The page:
I’m reading The Book of Joy which recounts the recent meeting of His Holiness the Dalai Lama and Archbishop Desmond Tutu as told by Douglas Abrams. I’m only on page 68, but the pages are already peppered with page flags noting nuggets of wisdom from two of the most respected men in modern day. Both Nobel Peace Prize Laureates, the background on these two men is fascinating.
Given the current state of global events, It’s easy to view having happiness and joy as being pollyannaish. In response, the Archibishop says,
“Discovering more joy . . . does not save us from the inevitability of hardship and heartbreak. In fact, we may cry more easily, but we will laugh more easily too. . . As we discover more joy, we can face suffering in a way that ennobles rather than embitters. We have hardship without becoming hard. We have heartbreak without being broken.”
One of the impediments to having joy is the attention on our suffering. We wrongly think that: “when I get a raise at work”, or “when my back pain finally gets better”, or “when my kid finally graduates from high school”, then I can work on joy/compassion/empathy. Certainly, not until all the bad stuff goes away. But you’ll notice, that we can always find bad stuff. Once you get the raise at work, you buy a new car with a $500 payment, and now you’re got the same problem as before. Some of our suffering is cause and effect. Some of it is just life. We’re human, shit happens. Sometimes we naively or knowingly contribute to our pain and often not.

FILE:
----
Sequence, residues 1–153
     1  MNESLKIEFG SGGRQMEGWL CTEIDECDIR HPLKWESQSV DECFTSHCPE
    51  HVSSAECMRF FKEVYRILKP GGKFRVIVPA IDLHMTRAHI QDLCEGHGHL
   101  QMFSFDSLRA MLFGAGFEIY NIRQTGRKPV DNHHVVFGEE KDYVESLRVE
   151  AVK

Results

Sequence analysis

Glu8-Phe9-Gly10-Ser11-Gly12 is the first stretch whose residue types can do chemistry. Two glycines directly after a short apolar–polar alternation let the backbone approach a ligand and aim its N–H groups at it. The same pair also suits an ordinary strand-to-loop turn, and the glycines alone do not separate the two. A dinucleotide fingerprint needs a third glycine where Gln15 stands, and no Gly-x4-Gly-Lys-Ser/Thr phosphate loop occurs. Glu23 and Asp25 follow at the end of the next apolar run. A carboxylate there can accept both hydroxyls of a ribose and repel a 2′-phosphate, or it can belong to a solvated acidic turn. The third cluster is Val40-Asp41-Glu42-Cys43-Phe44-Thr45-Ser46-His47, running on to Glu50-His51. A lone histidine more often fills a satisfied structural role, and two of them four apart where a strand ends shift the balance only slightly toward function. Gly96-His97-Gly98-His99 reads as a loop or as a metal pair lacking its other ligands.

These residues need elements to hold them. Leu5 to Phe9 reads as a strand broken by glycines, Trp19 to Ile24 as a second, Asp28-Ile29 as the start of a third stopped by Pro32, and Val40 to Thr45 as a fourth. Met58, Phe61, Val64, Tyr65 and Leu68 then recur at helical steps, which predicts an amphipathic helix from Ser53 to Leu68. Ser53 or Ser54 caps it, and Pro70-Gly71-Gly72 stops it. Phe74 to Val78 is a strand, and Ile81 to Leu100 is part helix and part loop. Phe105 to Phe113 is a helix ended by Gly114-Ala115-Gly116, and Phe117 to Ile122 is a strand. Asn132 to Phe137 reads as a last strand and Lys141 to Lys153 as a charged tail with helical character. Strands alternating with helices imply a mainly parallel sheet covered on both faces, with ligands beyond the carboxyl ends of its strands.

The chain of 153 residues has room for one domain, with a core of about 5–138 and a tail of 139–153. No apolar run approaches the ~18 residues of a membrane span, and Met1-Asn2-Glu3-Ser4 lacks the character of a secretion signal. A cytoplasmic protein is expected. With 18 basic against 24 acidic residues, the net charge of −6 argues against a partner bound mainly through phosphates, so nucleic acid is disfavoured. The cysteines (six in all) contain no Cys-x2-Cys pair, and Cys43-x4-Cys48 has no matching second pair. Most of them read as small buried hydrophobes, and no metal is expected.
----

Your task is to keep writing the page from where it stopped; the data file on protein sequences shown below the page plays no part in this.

The Dalai Lama weights in,
“The suffering from a natural disaster we cannot control, but the suffering from our daily disasters we can. We create most of our suffering, so it should be logical that we also have the ability to create more joy. . . when it comes to personal happiness there is a lot that we as individuals can do.
When the Dalai Lama was asked what’s it like to wake up with joy each morning, he shared:
As soon as I wake up, I remember the Buddha’s teaching: the importance of kindness and compassion, wishing something good for others, or at least to reduce their suffering. Then I remember that everything is interrelated, the teaching of interdependence. So then I set my intention for the day that this day should be meaningful. Meaningful, if possible, serve and help others. If not possible, then at lest not to harm others. That is a meaningful day.”
As I go through the book, I’ll continue to offer some insights that I think you might find inspiring. Or, you can out and buy the book (at your local bookstore or borrow it from the library) and find your own nuggets! In the meantime, I hope you have meaningful day. I know I’m going to try.